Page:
Almost 2 years into the pandemic, we have all experienced long and repeated lockdowns. Recent news from New Delhi, however, tell us that the city has gone into another lockdown – this time because of heavy air pollution.
Winter is also the season when air pollution problems in the UNECE region become more apparent. Sources such as residential heating and agricultural practices contribute to poor air quality in the winter as colder air traps the pollution but also doesn't whisk it away so that it stays in place for much longer.
Black carbon (BC) is of particular concern in this context, as it is an air pollutant with significant impacts on our health and climate. Resulting from incomplete combustion processes and as part of fine particulate pollution (PM2.5), it deposits on snow and ice, thereby reducing the Earth’s albedo effect, with a warming impact on the climate. It is recognized widely that mitigating BC emissions (in addition to other greenhouse gases) is necessary to achieve the Paris Agreement goals. This is in addition to the well-established air quality benefits. BC mitigation represents a major opportunity to implement policies that will have co-benefits for climate and air quality.
In the context of the UNECE Convention on Long-range Transboundary Air Pollution, BC is regulated under the amended Gothenburg Protocol (Protocol to Abate Acidification, Eutrophication and Ground-level Ozone as part of particulate matter. Parties at the 41st session of the Executive Body for the Convention this week (6-8 December 2021) adopted new guidance suggesting that in the UNECE region additional measures for wood-fueled heating stoves and agricultural waste burning can reap the biggest benefits to reduce both PM2.5 and BC emissions, promising benefits for air quality, climate, biodiversity and health. While guidance for wood burning had already been adopted in 2019, Parties now adopted guidance to reduce emissions from agricultural waste burning.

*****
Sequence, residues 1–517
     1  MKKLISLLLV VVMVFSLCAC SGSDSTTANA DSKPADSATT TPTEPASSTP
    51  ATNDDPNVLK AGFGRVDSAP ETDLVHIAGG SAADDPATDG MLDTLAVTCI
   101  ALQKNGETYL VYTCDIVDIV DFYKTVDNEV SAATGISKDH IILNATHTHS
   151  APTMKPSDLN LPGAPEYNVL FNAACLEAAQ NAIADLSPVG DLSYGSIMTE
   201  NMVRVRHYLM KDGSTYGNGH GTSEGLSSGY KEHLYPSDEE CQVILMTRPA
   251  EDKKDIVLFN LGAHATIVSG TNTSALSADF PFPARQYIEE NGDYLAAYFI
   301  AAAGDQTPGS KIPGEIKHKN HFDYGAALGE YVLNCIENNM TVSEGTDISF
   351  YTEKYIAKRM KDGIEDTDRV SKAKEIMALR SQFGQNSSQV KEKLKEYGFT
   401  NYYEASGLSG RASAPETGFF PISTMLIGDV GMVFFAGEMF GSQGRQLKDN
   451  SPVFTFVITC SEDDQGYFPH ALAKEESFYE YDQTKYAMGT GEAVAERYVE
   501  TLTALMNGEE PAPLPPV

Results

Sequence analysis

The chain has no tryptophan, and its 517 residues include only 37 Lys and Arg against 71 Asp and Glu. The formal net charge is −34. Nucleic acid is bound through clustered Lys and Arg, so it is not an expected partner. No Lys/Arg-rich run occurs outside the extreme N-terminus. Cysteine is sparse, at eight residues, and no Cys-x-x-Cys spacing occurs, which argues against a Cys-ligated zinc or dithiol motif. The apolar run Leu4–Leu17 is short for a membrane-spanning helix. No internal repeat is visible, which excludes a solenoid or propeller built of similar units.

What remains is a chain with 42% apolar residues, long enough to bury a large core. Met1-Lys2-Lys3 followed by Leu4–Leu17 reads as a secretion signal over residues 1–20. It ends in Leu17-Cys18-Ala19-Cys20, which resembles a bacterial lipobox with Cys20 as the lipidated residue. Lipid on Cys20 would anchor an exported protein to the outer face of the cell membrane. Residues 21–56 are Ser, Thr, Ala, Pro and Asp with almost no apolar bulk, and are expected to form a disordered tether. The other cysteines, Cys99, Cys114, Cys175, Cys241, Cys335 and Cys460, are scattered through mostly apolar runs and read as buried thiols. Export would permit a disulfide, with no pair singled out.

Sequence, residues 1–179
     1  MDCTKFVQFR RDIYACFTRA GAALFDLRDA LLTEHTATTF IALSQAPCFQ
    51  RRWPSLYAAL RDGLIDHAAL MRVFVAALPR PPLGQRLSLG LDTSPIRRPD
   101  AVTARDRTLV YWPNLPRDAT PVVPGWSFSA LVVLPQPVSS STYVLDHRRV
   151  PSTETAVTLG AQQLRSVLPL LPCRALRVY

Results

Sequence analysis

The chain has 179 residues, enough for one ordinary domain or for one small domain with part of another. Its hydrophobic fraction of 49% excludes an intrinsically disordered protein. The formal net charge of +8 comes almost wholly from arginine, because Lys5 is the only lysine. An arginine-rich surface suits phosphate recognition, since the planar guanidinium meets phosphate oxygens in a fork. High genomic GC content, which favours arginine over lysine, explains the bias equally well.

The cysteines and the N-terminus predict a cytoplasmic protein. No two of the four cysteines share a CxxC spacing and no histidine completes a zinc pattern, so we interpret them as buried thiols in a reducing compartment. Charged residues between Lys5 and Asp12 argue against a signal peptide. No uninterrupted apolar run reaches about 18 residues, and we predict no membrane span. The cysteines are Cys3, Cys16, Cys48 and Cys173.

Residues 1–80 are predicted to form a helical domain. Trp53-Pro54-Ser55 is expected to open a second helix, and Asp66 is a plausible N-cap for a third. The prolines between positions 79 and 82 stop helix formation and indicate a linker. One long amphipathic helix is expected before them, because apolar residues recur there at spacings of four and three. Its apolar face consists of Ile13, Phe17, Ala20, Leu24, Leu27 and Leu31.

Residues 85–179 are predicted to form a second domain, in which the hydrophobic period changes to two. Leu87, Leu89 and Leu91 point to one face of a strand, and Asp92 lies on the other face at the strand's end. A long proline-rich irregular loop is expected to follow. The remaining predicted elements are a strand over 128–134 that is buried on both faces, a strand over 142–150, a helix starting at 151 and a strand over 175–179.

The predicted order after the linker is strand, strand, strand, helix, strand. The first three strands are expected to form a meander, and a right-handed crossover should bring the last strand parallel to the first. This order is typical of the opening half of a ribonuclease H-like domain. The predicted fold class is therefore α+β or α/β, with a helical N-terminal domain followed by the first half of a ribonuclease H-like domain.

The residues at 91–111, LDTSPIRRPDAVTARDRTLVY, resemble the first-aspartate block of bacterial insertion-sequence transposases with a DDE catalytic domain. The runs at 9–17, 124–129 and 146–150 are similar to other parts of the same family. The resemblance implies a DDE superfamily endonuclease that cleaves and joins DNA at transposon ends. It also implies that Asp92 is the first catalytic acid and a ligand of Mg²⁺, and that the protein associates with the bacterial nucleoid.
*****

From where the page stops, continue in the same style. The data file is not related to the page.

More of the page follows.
Parties agreed that the many negative economic and environmental impacts of agricultural waste burning, ranging from air pollution, greenhouse gas emissions, and soil erosion to loss of biodiversity and soil nutrients, which require the use of expensive fertilizers to maintain crop yields warrant measures to substitute agricultural waste burning practices. Fire-free methods, such as conservation agriculture, low-till methods, and alternative ex situ uses of crop residues, not only eliminate emissions of air pollutants and greenhouse gases, but also provide some level of adaptation and resilience to climate change and extreme weather events.
Agricultural practices were also discussed in the context of a new assessment report on ammonia (NH3), which finds that in order to avoid damage to ecosystems and health, a 30–50 per cent reduction in ammonia emissions is required in areas of the UNECE region with a high density of livestock and use of nitrogen fertilizers. Damaging vulnerable ecosystems, polluting water, exacerbating climate change and exposing the population to harmful secondary particulate matter (PM2.5), ammonia from agriculture is the culprit for many environmental problems and also regulated under the Gothenburg Protocol. While the damage of ammonia emissions to public health and ecosystems costs €10–€25 per kg ammonia, abatement measures are cost-efficient and vary from €0 to €4 per kg ammonia for most countries, up to €15 per kg ammonia in some areas with a high density of livestock.
The Gothenburg Protocol itself was also discussed at the 41st session as its currently ongoing review will be a milestone in how the Convention will further evolve in the years to come.
Key to the Convention’s success in the future will also be stronger cooperation both within and beyond the UNECE region. Recognizing this need, Convention Parties in 2019 launched a new initiative, the forum for international cooperation on air pollution, which aims to support international exchange of information and mutual learning on both the technical and policy levels and is intended to be a repository for technical information and a convener of countries and organizations, facilitating increased international cooperation on this critical challenge.
To operationalize this initiative, Parties established a new Task Force for International Cooperation on Air Pollution, which will be chaired by Sweden and the UK. The Task Force will be comprised of experts from Parties and other interested countries and international organizations. With 40 years of experience in tackling transboundary air pollution on a regional basis, the Convention strives to cooperate with other regions to ascertain common challenges and joint solutions for better air quality globally.
Parties at the 41st session of the Executive Body also welcomed the imminent entry into force of the Protocol on Persistent Organic Pollutants (20 January 2022) and the Protocol on Heavy Metals (8 February 2022), promising further benefits for clean air in the region.